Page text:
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„A State Between Almost Awake and Deep Sleep“
Artificially put to sleep
© Linda Dahrmann/Pixelio.de
Dirk Rüsch is an anaesthetist at the university hopsital Gießen-Marburg in Germany. The expert talked to MEDICA.de about inappropriate terminologies, patients participating in breathing and that nobody really knows how the issue with unconsciousness and drugs really works.
MEDICA.de: Mr Rüsch, how does it feel when one experiences an artificial coma?
Dirk Rüsch: I don't know since I have not experienced it myself. After waking up from an artificial coma, patients typically only know that they have been asleep.
MEDICA.de: What is an artificial coma?
Rüsch: First of all, I would like to make a remark regarding the terminology "artificial coma". It is one of the many terminologies, especially in Germany, that have been chosen inappropriately. People after all primarily associate something negative with a coma, a state of not being able to wake up due to disease. That is of course not very pleasing. Therefore, an artificial coma should rather be called an artificial sleep. If possible, I try to avoid this terminology when talking to patients and switch to other words.
MEDICA.de: You are saying that the artificial coma has nothing in common with an illness-related coma?
Rüsch: No, an artificial coma generally has nothing in common with a coma. A coma is a state where the central nervous system prevents a person to be woken up through stimuli as well as to react to them adequately. An artificial coma on the other hand is a kind of sleep or a sedation - a decrease in being awake -, that has been caused by drugs and this kind of sleep can be ended at any time. Of course, it is possible to sedate a patient with severe injuries such as a traumatic brain injury so much that it is not possible to wake him which then is similar to a coma. However, as soon as the doctor wants to end this state it is possible to reverse the state by decreasing the drugs.
MEDICA.de: That basically means that it is possible to control the level of this artificial sleep.
Rüsch: Depending upon the amount and type of drugs that an anaesthetist applies, the patient will be in a state between almost awake and deep sleep.
MEDICA.de: Why do medics use artificial comas?
Rüsch: They use them to reduce consciousness and to make diverse intensive medical procedures, like artificial respiration, endurable for the patient. Moreover, as a result of the brain’s dormancy, the heavily stressed body is able to relax.
MEDICA.de: Do physicians use comatoid sleeps often?
Rüsch: Patients have been sedated less frequently for the last ten years. Physicians want patients to be more awake which allows them to participate in artificial respiration, for example. Meanwhile, physicians know that specific disease patterns can be treated better when people are not highly sedated.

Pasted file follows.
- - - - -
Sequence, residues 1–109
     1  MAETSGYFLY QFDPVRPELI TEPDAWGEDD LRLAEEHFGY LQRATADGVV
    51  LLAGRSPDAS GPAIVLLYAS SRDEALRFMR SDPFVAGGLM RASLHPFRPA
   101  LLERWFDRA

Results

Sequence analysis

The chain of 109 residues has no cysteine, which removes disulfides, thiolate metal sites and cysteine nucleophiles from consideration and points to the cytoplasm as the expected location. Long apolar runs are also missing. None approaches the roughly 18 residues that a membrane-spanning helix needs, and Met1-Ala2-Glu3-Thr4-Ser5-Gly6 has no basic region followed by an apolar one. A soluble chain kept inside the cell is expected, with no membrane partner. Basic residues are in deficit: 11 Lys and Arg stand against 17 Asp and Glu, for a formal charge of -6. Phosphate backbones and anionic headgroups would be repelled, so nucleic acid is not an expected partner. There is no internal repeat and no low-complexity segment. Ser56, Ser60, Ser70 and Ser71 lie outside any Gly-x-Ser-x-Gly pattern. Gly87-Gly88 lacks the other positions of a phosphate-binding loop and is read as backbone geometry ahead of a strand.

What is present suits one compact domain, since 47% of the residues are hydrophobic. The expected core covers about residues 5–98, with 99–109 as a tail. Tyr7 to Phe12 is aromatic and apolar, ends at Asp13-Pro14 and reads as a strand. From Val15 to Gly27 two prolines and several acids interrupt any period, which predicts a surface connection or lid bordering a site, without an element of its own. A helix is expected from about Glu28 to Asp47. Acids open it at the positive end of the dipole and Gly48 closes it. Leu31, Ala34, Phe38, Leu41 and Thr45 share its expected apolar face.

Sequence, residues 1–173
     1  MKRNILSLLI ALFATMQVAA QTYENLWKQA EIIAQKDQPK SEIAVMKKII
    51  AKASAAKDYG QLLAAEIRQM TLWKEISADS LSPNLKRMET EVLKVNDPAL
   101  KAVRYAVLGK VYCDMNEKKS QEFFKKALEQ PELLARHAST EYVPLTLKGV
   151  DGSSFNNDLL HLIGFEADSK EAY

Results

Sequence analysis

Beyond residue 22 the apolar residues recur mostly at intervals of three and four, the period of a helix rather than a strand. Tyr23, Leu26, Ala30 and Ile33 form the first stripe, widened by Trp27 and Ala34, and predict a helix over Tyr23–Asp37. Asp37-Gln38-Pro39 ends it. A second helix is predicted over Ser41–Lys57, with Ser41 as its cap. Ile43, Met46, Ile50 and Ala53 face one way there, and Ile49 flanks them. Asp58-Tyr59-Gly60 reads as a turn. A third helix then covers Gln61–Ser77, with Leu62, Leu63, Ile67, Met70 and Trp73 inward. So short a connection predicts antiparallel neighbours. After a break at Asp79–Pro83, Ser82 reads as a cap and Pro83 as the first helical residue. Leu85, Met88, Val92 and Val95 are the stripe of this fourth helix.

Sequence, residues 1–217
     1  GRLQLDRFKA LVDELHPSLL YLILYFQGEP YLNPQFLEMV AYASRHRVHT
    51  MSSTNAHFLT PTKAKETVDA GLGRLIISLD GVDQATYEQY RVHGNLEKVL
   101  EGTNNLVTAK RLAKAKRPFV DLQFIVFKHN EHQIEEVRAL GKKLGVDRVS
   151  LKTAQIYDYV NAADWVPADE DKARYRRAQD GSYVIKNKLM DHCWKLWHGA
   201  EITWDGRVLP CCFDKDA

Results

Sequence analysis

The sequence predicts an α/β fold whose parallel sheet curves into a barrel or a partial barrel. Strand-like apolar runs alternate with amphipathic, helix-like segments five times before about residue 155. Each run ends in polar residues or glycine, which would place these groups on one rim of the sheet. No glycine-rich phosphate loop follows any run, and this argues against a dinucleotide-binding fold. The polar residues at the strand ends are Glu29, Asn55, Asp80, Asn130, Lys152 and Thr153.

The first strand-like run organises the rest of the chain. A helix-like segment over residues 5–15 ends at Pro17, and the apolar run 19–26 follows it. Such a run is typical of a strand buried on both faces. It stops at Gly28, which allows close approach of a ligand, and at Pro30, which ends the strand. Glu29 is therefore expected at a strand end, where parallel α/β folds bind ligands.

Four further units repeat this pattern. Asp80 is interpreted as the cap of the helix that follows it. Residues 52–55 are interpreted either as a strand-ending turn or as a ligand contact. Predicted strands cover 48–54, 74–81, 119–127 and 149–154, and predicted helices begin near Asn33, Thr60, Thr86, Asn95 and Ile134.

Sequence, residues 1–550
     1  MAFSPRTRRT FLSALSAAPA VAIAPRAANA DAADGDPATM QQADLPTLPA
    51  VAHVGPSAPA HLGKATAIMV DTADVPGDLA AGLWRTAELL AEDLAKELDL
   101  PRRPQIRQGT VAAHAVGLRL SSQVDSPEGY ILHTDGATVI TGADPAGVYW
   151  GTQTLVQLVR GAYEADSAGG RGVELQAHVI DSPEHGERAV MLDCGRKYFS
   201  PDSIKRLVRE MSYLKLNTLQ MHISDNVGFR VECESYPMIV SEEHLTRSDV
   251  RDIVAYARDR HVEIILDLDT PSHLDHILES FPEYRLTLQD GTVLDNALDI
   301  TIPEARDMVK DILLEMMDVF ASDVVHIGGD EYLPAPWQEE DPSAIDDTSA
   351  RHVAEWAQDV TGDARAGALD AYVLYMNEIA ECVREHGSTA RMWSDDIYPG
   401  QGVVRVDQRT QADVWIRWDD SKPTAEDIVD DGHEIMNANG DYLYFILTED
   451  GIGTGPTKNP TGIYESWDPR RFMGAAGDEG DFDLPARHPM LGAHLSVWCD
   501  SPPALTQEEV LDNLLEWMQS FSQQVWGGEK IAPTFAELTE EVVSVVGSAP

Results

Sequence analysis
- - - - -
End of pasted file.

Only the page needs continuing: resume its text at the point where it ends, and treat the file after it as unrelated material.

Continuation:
Rüsch: In the past, patients were highly sedated and drugs for muscle relaxation were given. As a result, patients were not able to move their muscles and in consequence suffered from muscle atrophy. It is the same thing with bed-ridden people getting thin legs because of the atrophy of their legs muscular system. If the patient is only low sedated, he will be able to participate in artificial respiration or in physiotherapy which counteracts muscle athropy.
MEDICA.de: Which kind of drugs do anaesthesiologists use for an artificial coma?
Rüsch: We use a lot of drugs which we also use for the conventional anaesthesia.
MEDICA.de: Is there no difference between an anaesthesia and an artificial coma then?
Rüsch: There is no universal standard definition of anaesthesia or artificial coma. However, we can describe the conditions we achieve by anaesthesia, amongst others the absence of pain, unconsciousness, amnesia or relaxation. There are diverse kinds of anaesthesia but they always have one thing in common: the patient is more or less unconscious. This also applies to artificial comas. This is the minimal consensus.
MEDICA.de: That is an anaesthesia is taken as a basis for an artificial coma. Researchers still do not know how an anaesthesia really works although it belongs to the daily medical practice all over the word.
Rüsch: Well, an anaesthesia is, like indicated before, not an entity. Meanwhile, it has been found out how heavy pain killers work and what is responsible for muscle atony. But we only have fragmentary knowledge about the elimination of consciousness and amnesia. Physicians use anaesthetic drugs without knowing how they work in detail. Researchers only slowly find out how these drugs work in the body. In the last years it became evident, that some inravenously administered drugs work at specific receptors and not at the lipid membrane of neurons which was assumed for a long time. However, there is still need of further research in order to develop drugs working more specific and have less side effects.
The interview was conducted by Wiebke Heiss